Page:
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Match beginning of two strings

P: n/a
Hi,

I have about 200GB of data that I need to go through and extract the
common first part of a line. Something like this.
a = "abcdefghijklmnopqrstuvwxyz"
b = "abcdefghijklmnopBHLHT"
c = extract(a,b)
print c

"abcdefghijklmnop"

Here I want to extract the common string "abcdefghijklmnop". Basically I
need a fast way to do that for any two given strings. For my situation,
the common string will always be at the beginning of both strings. I can
use regular expressions to do this, but from what I understand there is
a lot of overhead. New data is being generated at the rate of about 1GB
per hour, so this needs to be reasonably fast while leaving CPU time for
other processes.

Thanks
Ravi

Jul 18 '05 #1
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20 Replies


P: n/a
>>
While you can be forgiven for not have guessed, os.path is the place to
look:
import os.path
a = "abcdefghijklmnopqrstuvwxyz"
b = "abcdefghijklmnopBHLHT"
print os.path.commonprefix([a,b])

-Scott David Daniels
Sc***********@Acm.Org


Certainly not where I was expecting it, Thanks

Ravi

Jul 18 '05 #2

P: n/a
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On Sat, 02 Aug 2003 17:39:26 -0400,
Ravi <rx****@cwru.edu> wrote:
Hi,

I have about 200GB of data that I need to go through and extract the
common first part of a line. Something like this.
a = "abcdefghijklmnopqrstuvwxyz"
b = "abcdefghijklmnopBHLHT"
c = extract(a,b)
print c

"abcdefghijklmnop"

Here I want to extract the common string "abcdefghijklmnop". Basically I
need a fast way to do that for any two given strings. For my situation,
the common string will always be at the beginning of both strings. I can
use regular expressions to do this, but from what I understand there is
a lot of overhead. New data is being generated at the rate of about 1GB
per hour, so this needs to be reasonably fast while leaving CPU time for
other processes.

Thanks
Ravi


Are you trying to match any to any strings? or only a pair as above?
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--
Jim Richardson http://www.eskimo.com/~warlock

Linux, because eventually, you grow up enough to be trusted with a fork()
Jul 18 '05 #3

P: n/a
Are you trying to match any to any strings? or only a pair as above?


Just a pair at a time, and I only want the first N characters that are
common to both strings. The os.path.commonprefix works nicely. Thanks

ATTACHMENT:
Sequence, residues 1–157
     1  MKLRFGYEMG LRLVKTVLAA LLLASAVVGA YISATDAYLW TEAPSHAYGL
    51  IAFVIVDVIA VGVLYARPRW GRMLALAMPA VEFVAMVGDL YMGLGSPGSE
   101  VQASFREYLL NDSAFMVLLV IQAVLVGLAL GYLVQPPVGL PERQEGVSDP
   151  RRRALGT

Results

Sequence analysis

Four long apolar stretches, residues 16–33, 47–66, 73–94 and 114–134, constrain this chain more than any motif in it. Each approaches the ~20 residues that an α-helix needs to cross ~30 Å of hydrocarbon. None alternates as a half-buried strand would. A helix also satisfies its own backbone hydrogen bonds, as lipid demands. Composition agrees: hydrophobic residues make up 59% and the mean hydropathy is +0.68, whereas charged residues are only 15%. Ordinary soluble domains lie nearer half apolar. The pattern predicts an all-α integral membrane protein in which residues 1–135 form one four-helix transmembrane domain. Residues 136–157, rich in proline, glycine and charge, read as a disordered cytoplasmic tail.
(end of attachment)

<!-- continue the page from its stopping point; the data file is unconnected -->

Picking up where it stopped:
for your help.

Ravi

Jul 18 '05 #4

P: n/a
On Sat, 02 Aug 2003 21:18:32 -0700, Scott David Daniels
<Sc***********@Acm.Org> wrote:
Ravi wrote:
Hi,

I have about 200GB of data that I need to go through and extract the
common first part of a line. Something like this.
>>>a = "abcdefghijklmnopqrstuvwxyz"
>>>b = "abcdefghijklmnopBHLHT"
>>>c = extract(a,b)
>>>print c

"abcdefghijklmnop"

Here I want to extract the common string "abcdefghijklmnop". Basically I
need a fast way to do that for any two given strings. For my situation,
the common string will always be at the beginning of both strings. I can
use regular expressions to do this, but from what I understand there is
a lot of overhead. New data is being generated at the rate of about 1GB
per hour, so this needs to be reasonably fast while leaving CPU time for
other processes.

Thanks
Ravi

While you can be forgiven for not have guessed, os.path is the place to
look:
import os.path
a = "abcdefghijklmnopqrstuvwxyz"
b = "abcdefghijklmnopBHLHT"
print os.path.commonprefix([a,b])


I don't think that os.path.commonprefix was designed with 200Gb of
data in mind. Inspection of Lib/*path.py gives one the impression that
it spends a lot of time discovering that the first element is a prefix
of itself.

Ravi, You may need to drop down to C to get the speed you want for
your requirement to find the longest common prefix of two strings. Two
things puzzling me: (1) how you would do this with regular expressions
(2) you have 200Gb now, new data arriving at the rate of 1Gb per hour,
after a year you have almost 9000Gb; where are you putting it all?
BTW, I do hope your algorithm is not O(N**2) ...

Cheers,
John

Jul 18 '05 #5

P: n/a
> I don't think that os.path.commonprefix was designed with 200Gb of
data in mind. Inspection of Lib/*path.py gives one the impression that
it spends a lot of time discovering that the first element is a prefix
of itself.

Ravi, You may need to drop down to C to get the speed you want for
your requirement to find the longest common prefix of two strings. Two
things puzzling me: (1) how you would do this with regular expressions